“Estimates put the total number of casualties since the protests [in Syria] began at around 7,000, possibly more. This is not a civil war – it’s mass murder.”

But apparently, in the world of +972, stopping this mass murder is not really more important than condemning the construction of a few additional buildings in an already built-up neighborhood – in both cases, Israel’s “critics” will see “a systematic violation of human and civil rights.”

While I don’t have any illusions about a post-Assad regime being in any way less hostile towards Israel, I still wish the Syrians that the UN and all the activists that are so eager to fight for human rights when Israel is accused of violating them — even if it is just by building — would be as energetic and engaged when it comes to murderous atrocities that can’t be blamed on the Jewish state.


Over at +972, Noam Sheizaf doubles down with a post on “American veto history: Protecting occupation, apartheid.” He refers to my post here as a “strange blog post, which in the usual spirit of right-wing propaganda, accuses me of opposing the UNSC resolution on Syria myself.”

In response, I have submitted a comment that has not yet been approved, where I write:

As the author of “this strange blog post”, I would like to know on what basis you justify your claims that I accuse you “of opposing the UNSC resolution on Syria myself.”

I don’t-because I don’t think that you oppose the resolution. I simply point out the undeniable fact that your post suggests an entirely inappropriate equivalency between the US veto against the umpteenth attempt to condemn Israeli construction in settlement blocks and the Russian/Chinese veto that is widely seen as a “license to kill” for Assad.

One additional point re. my supposed “right-wing” inclinations: So far, I haven’t even once (in my 30+ year life as a voter) voted for a party to the right of Labor. I’m not sure what I will vote in the next election, but writings like you publish here simply tell me that this is not the left I used to support.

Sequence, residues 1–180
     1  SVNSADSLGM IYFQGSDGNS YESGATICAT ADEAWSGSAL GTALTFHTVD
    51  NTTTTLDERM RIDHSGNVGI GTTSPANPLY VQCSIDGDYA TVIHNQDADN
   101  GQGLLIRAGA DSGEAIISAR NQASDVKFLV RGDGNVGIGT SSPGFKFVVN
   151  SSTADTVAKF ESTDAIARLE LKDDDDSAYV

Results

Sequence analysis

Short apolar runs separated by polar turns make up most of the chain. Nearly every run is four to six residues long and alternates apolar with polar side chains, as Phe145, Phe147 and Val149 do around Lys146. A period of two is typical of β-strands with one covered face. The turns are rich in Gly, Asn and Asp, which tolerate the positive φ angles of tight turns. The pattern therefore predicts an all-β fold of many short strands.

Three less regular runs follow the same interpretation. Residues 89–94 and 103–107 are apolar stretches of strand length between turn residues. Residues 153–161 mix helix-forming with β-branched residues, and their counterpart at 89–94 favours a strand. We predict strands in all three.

A left that ignores all relevant context in order to argue that the US is really not much better as Russia and China is not a left I want to be part of.

Of peace and myths

A few days ago, Fouad Ajami tackled “Five myths about the Arab Spring” in the Washington Post. Myth number 5 was: “The rebellions will further damage prospects for the Arab-Israeli peace process.” Ajami argued:

It’s true that hooligans overran the Israeli Embassy in Cairo after Mubarak’s fall. But Arab-Israeli accommodation hardly flourished in the time of the dictators. Despite a peace treaty that was the precondition of American patronage of his regime, Mubarak kept Israel at arm’s length. During his three decades in power, he went to Israel once — to attend the funeral of the slain prime minister Yitzhak Rabin in 1995. Mubarak’s reign was an incendiary mix of anti-modernism, anti-Americanism and anti-Zionism. The 1979 Camp David peace treaty between Israel and Egypt was kept, but it was a cold peace with no intimacy between the two countries.

And no praise ought to be showered on the kind of “peace” that Damascus has observed with Israel since the 1973 October War. The Syrian-Israeli border has been quiet, but Syria has had the Lebanon-Israel border from which to harass the Jewish state. Israeli Defense Minister Ehud Barak’s recent statement that the fall of Bashar al-Assad’s regime would be “a blessing for the Middle East” is on the mark.

The leaders of the Arab rebellions may not be fervent, public advocates of peace with Israel, but they have emerged out of the recognition that the dictatorships used the conflict with Israel as a convenient alibi for their own political and economic failures. Does anyone truly believe that the people of Homs dread Israel more than Assad’s tyranny?

As it happens, we now have some indication of what the people of Homs think of the matter. Al-Ayyam – a new online publication “founded by Syrian pro-democracy activists seeking […] to provide in-depth analysis by Syrians on the current situation” which describes itself as “revolution-minded” – has posted a statement by the Homs Revolution Council reacting to Israeli news reports about preparations for Alawite refugees in case the Assad regime collapses.

According to Al-Ayyam, the statement is “hitting back at Israel and accusing it of colluding with the Syrian regime to strike fear in Syria’s minorities and misrepresent the revolution.” The Council’s statement reportedly characterized comments by Israeli Defense Forces’ Chief of Staff, Benny Gantz, as: